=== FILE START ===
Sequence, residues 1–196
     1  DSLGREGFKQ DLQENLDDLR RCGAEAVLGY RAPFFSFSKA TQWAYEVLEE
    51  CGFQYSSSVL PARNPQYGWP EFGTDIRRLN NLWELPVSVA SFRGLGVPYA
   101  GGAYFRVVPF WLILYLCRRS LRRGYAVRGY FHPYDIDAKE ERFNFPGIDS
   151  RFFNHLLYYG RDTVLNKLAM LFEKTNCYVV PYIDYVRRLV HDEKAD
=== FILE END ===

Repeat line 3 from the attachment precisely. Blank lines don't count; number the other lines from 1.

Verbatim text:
    51  CGFQYSSSVL PARNPQYGWP EFGTDIRRLN NLWELPVSVA SFRGLGVPYA